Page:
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topic 47263

Reducing chloride concentration in acid copper bath


Q. We have an ongoing problem in our acid copper bath of increasing chloride concentration. Unfortunately because of the increasingly poor quality of city water, our RO system is unable to remove as much chloride as it needs to.

Other than diluting the solution, which becomes expensive and gives us a large waste problem, is there some way to reduce it? I have heard of a zinc dust treatment, but know very little about it and am unable to find any information about it in our reference books. Many references recommend using zinc dust to reduce copper in acid chloride zinc baths but I have yet to see any to reduce chloride in an acid copper bath.

Thanks in advance for any help or advice you are able to give!

John Reid
Metal Finishing Supervisor - Brisbane, Queensland, Australia


A. Although some people think it's overkill, many experienced plating people feel that all water used in plating shops should be deionized. So when you are dealing with a situation where you virtually know that the incoming water quality is screwing up the plating, it must be de-ionized. To try to redesign the plating chemistry to allow for the fact that incoming water is wrecking it is the wrong tack, John. Get a small deionizer.

Ted Mooney, Teds signature
Ted Mooney, P.E. - Pine Beach, New Jersey
Striving to live Aloha


Q. Ted,

Should the deinoiser replace the existing reverse osmosis (RO) system or be used in addition to it? If in addition, should DI be done before or after RO?

John Reid [returning]
- Brisbane, Qld, Australia


A. My experience is more in plating than in water treatment, but I would leave the RO unit in place, but put a deionizer after it for the feed water to the copper plating tank. That should mean little load on the deionizer.

However, look for other sources of chloride as well, such as hydrochloric acid activation before plating. If that is used, it may be best to close loop the last rinse before plating through a deionizer to keep that chloride from reaching the plating tank.

Ted Mooney, Teds signature
Ted Mooney, P.E. - Pine Beach, New Jersey
Striving to live Aloha


A. Dear John
It is difficult to believe, that you have so much chlorides in city water that you can't remove them using RO. I recommend revising the equipment. Possibly chlorides are dragged from activation - check it. Instead of diluting of the bath you can precipitate chlorides using calculated amount of silver sulfate. After precipitation the bath must be filtered very carefully.

- Poland


A. I also find it hard to believe your problem is coming from your water. As there is little evaporation in an acid copper you will only be adding from drag in and if you dilute then the water you top up with needs to be chloride free.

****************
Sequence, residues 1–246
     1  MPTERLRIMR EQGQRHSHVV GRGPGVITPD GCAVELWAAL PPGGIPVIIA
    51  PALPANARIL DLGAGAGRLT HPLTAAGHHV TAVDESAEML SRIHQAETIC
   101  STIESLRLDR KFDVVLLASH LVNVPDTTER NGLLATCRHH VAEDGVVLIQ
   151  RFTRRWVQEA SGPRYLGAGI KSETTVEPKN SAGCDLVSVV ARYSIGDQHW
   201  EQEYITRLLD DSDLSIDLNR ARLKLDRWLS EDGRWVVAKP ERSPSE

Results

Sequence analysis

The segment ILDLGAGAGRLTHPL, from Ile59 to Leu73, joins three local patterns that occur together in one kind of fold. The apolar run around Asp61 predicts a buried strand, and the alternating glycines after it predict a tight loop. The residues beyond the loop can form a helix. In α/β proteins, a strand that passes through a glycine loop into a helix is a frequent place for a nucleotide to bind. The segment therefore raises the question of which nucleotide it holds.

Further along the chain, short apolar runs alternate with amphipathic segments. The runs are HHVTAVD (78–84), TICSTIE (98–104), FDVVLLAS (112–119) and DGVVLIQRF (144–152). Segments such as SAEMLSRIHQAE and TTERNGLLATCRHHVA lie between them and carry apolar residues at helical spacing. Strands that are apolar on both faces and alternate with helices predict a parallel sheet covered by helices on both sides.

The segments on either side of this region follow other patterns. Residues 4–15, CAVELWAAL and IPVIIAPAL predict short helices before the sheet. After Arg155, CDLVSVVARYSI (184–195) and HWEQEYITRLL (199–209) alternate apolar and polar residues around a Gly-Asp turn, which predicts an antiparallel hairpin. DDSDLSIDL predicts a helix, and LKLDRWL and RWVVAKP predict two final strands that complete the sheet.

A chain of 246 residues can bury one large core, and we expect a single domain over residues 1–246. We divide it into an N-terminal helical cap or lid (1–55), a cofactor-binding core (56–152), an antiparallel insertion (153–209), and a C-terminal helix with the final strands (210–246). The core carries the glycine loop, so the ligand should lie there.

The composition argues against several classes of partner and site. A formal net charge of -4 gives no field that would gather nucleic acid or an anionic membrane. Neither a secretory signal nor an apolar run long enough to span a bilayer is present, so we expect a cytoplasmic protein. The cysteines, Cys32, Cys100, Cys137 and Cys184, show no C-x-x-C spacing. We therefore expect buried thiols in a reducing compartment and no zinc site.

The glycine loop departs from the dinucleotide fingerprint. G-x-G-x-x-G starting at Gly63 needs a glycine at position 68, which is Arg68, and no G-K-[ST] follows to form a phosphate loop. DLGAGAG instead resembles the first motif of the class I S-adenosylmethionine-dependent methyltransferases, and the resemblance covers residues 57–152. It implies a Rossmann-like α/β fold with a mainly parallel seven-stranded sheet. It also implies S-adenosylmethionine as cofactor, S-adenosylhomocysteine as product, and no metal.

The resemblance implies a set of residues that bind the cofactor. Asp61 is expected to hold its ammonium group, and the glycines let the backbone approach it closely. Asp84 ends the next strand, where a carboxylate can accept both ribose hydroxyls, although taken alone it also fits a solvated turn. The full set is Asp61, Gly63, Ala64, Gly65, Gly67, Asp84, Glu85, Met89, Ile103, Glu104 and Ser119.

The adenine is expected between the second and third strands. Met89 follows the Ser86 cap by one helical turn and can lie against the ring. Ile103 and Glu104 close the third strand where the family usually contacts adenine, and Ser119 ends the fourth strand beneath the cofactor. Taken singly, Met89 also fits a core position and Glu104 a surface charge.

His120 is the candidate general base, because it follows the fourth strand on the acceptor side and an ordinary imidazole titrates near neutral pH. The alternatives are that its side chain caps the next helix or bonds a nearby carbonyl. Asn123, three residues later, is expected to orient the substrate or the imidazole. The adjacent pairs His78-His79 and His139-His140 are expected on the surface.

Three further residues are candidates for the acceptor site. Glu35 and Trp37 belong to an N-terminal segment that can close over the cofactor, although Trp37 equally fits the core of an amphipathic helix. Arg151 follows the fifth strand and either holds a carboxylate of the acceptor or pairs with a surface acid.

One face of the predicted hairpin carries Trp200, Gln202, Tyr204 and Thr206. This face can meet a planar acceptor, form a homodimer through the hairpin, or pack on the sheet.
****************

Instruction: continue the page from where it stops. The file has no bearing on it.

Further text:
I believe the principal of using Zn dust is that reduction of Cu+2 to Cu+1 allows the Cl- to be precipitated as Cuprous chloride which is relatively insoluble and will drop the chloride to an acceptable level. You must do this in a storage tank to be effective or the Cl will redissolve.
Alternatively use a silver salt such as sulphate or oxide to precipitate as AgCl but due to the cost of silver calculate accurately the amount required to reduce to an acceptable level.

Geoffrey Whitelaw
Geoffrey Whitelaw
- Port Melbourne, Australia

January 6, 2008

A. Hello,

I agree absolutely to the further responses. If you have an Osmosis, please check also the maintenance of your membranes and the conductivity of the DI-Water directly after. Also consider drag in.

To eliminate chloride there are different ways, like others have mentioned, most success you will have with Ag2CO3, Ag2SO4 or Ag2O. If you really have lot's of problems and you always have to dilute the solution, then might it would be helpful, installing a small electroplating cell behind your tank with an own pump and filtration circuit, use 1 or 2 stripes of silver anodes, as cathode you can use copper plates. Connect with a lab rectifier and let it run like this during your production and observe.

Just an input.


Dominik Michalek
- Mexico City, Mexico

March 5, 2014

A. Sodium Thiosulfate will adjust the chlorine in your solution.

jeff massey
- decatur alabama

August 28, 2019 -- this entry appended to this thread by editor in lieu of spawning a duplicative thread

Q. Is there a way to lower the chloride ion if it is higher than 120 ppm?

James Dillow
- Oregon, Illinois USA

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